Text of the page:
a thesis statement is supported by arguments.
- To teach you to state your case and prove it in a clear, appropriate, and lively manner
- To teach you to structure your thinking.
2. Limiting Your Subject
What will you name your topic? Clearly, “student behavior” is too broad; student behavior would necessarily include behavior by every kind of student, everywhere, at all times, and this could very well fill a book and require a master’s degree in psychology. Simply calling your subject “St. Patrick’s Day” would be misleading. You decide to limit the subject to “student behavior on St. Patrick’s Day.” After some thought, you decide that a better, more specific subject might be “unruly college student behavior such as that witnessed in front of La Salle’s in downtown Chico last St. Patrick’s Day.” (Be aware that this is not the title of your essay. You will title it much later.) You have now limited your subject and are ready to craft a thesis.
City council members stink and should be thrown in jail is not an argumentative thesis. City council members’ ineffectiveness is not a reason to send them to jail.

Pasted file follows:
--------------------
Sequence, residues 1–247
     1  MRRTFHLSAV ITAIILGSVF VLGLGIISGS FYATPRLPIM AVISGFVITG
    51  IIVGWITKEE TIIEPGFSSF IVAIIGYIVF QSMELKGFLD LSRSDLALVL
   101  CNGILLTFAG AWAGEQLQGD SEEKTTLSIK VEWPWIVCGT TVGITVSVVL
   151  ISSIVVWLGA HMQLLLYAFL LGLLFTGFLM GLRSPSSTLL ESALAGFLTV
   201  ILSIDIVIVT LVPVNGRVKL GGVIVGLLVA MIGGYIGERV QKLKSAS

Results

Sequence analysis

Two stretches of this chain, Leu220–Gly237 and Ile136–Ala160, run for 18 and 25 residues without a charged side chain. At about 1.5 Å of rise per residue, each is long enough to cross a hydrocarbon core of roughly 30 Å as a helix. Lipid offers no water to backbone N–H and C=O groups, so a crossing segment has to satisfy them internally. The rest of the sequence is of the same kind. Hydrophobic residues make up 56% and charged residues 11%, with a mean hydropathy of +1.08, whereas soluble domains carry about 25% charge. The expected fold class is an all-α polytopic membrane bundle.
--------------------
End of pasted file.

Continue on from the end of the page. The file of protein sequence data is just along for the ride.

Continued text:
An argumentative thesis must make a claim about which reasonable people can disagree. Statements of fact or areas of general agreement cannot be argumentative theses because few people disagree about them.
A thesis makes a specific statement to the reader about what you will be trying to argue. Your thesis can be a few sentences long, but should not be longer than a paragraph. Do not begin to state evidence or use examples in your thesis paragraph.
Almost every assignment you complete for a history course will ask you to make an argument. Your instructors will often call this your “thesis” — your position on a subject.
As you move through the process of crafting a thesis, you’ll need to remember four things:
This statement is more precise in that it identifies two American characteristics that drive-ins appear to symbolize: creativity and ingenuity. But this assertion also seems to be one that few would argue with.
The three-story thesis is a beautiful thing. For one, it gives a paper authentic momentum. The first paragraph doesn’t just start with some broad, vague statement; every sentence is crucial for setting up the thesis. The body paragraphs build on one another, moving through each step of the logical chain. Each paragraph leads inevitably to the next, making the transitions from paragraph to paragraph feel wholly natural. The conclusion, instead of being a mirror-image paraphrase of the introduction, builds out the third story by explaining the broader implications of the argument. It offers new insight without departing from the flow of the analysis.
I should note here that a paper with this kind of momentum often reads like it was knocked out in one inspired sitting. But in reality, just like accomplished athletes and artists, masterful writers make the difficult thing look easy. As writer Anne Lamott notes, reading a well written piece feels like its author sat down and typed it out, “bounding along like huskies across the snow.” However, she continues,